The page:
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British Industrial History

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Royal Aircraft Factory: R.E.5

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Note: This is a sub-section of Royal Aircraft Factory.

The Royal Aircraft Factory R.E.5 was a British two-seat reconnaissance and artillery observation biplane designed and built by the Royal Aircraft Factory for the Royal Flying Corps.

The R.E.5 was designed as a reconnaissance biplane using the experience of earlier R.E. series aircraft. In many aspects it was an enlarged version of the R.E.1. It was a two-bay equal-span biplane with a fixed tail-skid landing gear, with the wheels supported on skids and powered by a nose-mounted 120 hp Austro-Daimler engine made by Arrol-Johnston driving a four-bladed propeller. Later planes were fitted with Beardmore built engines.

The aircraft had two open cockpits with the observer / gunner in the forward cockpit under the upper wing and the pilot aft.

It first flew on 26th January 1914.

The larger more capable Royal Aircraft Factory R.E.7 was a further development of the design. One modified single-seat high altitude aircraft was built with extended-span upper wings. Other R.E.5s were used for experimentation with air-brakes and for test flying the Royal Aircraft Factory 4 engine.

Twenty four R.E.5s were built at the Royal Aircraft Factory for the RFC, paid for by money given to the British Army to compensate for the transfer of the army's airships to the Royal Navy.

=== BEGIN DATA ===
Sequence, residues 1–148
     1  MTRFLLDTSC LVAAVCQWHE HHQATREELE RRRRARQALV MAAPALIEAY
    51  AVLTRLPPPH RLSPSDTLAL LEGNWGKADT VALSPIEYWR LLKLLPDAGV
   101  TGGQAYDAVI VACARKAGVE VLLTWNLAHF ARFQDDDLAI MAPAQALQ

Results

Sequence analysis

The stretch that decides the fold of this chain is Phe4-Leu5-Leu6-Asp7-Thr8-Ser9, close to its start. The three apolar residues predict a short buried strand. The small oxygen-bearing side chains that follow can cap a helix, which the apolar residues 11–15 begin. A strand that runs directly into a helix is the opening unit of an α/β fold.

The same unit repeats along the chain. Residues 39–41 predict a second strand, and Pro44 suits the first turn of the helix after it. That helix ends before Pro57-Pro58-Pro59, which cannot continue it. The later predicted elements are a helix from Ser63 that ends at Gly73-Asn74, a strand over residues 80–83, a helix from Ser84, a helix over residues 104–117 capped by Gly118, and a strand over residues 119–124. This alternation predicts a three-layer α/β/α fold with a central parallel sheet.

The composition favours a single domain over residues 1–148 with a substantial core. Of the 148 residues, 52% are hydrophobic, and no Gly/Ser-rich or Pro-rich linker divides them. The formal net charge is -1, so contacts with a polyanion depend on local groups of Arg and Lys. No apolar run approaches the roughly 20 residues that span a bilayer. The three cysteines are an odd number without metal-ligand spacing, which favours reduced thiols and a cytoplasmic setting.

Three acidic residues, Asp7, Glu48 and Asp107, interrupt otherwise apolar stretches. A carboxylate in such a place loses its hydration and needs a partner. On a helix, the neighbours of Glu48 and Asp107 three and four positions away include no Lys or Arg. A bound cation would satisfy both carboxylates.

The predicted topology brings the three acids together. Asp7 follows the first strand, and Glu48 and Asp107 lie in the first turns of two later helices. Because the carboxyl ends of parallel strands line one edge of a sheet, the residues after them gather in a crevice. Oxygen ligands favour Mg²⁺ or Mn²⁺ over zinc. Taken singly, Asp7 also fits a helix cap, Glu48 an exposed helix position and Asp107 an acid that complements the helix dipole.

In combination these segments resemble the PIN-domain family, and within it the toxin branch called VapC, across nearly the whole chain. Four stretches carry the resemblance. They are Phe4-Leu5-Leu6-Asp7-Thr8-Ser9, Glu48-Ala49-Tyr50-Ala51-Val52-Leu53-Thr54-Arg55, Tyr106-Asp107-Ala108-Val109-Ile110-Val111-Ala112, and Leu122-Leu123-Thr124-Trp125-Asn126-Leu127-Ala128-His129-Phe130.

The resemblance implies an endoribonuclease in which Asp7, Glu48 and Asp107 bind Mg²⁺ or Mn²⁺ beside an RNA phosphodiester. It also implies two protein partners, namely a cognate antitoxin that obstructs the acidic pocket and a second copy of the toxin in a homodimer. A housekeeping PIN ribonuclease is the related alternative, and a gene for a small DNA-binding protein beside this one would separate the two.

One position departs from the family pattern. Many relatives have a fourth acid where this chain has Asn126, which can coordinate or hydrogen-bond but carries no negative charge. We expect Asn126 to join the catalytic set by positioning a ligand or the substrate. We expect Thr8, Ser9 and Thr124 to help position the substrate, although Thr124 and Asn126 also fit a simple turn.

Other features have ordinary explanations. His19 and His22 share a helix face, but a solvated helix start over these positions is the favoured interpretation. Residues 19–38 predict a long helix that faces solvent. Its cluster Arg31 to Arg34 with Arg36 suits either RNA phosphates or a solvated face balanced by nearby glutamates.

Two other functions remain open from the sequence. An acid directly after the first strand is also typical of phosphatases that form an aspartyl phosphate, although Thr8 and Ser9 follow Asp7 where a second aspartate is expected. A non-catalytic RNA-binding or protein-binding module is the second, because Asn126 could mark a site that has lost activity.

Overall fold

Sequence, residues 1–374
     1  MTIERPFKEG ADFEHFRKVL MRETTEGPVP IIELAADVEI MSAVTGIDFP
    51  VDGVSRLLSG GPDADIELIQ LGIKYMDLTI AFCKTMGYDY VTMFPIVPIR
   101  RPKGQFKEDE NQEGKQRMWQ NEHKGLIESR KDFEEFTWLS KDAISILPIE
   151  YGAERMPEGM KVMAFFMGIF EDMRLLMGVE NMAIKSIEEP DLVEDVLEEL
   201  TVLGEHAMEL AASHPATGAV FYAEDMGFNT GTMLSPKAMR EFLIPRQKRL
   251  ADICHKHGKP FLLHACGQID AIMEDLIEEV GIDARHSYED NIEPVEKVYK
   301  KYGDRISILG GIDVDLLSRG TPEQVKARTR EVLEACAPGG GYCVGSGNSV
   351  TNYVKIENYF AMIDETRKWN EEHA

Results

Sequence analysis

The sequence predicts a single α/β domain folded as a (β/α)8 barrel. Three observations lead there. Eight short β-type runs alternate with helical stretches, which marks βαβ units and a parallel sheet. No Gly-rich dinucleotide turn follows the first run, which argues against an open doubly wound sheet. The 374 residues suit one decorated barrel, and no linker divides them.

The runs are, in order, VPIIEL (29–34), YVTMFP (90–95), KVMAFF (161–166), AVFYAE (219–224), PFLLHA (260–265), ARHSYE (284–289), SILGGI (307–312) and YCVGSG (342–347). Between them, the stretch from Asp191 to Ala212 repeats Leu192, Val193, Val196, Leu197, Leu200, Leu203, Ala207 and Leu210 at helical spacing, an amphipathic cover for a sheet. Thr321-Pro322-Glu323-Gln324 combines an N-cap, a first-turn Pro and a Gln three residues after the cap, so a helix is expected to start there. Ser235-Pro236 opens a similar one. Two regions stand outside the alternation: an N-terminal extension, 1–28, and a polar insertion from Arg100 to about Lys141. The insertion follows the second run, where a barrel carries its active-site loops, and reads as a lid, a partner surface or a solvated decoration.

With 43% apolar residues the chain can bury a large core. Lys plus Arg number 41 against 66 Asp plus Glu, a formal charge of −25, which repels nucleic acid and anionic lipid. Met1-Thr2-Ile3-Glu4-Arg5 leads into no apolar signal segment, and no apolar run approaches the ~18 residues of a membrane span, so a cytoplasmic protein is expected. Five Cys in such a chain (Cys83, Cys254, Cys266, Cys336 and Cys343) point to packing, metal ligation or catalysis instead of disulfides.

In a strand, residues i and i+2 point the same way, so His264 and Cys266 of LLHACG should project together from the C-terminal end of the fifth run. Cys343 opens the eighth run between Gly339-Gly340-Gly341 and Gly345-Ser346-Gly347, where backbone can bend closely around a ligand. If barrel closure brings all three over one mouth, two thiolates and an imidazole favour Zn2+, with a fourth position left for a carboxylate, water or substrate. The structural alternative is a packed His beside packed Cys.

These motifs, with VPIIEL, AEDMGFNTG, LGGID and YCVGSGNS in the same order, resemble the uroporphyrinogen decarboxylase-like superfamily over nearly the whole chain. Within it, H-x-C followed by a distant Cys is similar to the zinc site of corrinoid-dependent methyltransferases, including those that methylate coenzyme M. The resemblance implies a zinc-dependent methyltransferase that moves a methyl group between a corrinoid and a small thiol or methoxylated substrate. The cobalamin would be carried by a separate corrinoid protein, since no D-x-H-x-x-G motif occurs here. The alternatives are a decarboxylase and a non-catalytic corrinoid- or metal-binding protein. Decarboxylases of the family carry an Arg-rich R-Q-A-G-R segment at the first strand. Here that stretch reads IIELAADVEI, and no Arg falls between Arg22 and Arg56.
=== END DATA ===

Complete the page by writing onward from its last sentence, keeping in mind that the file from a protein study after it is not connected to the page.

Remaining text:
Six R.E.5s deployed to France in September 1914, partly equipping No. 2 Squadron RFC, with further examples being by other squadrons, with no unit being completely equipped with the R.E.5. In total, eleven R.E.8s were sent to France, with a further nine being used by training units.

The R.E.5s were used for reconnaissance and bombing missions over France, although, at first, they were not fitted with bomb-sights or bomb racks, with bombs being carried in the observer's cockpit and dropped by hand when the aircraft was over the target.

John Aidan Liddell was awarded the Victoria Cross for an action on 31 July 1915, being badly wounded when flying an R.E.5 but successfully recovering the aircraft and saving his observer.

The R.E.5 was gradually phased out from front-line service during that year, only two remaining at the front on 25 September 1915.

Sources of Information

  • The Royal Aircraft Factory by Paul R. Hare. ISBN 0-85177-843-7
  • [1] Wikipedia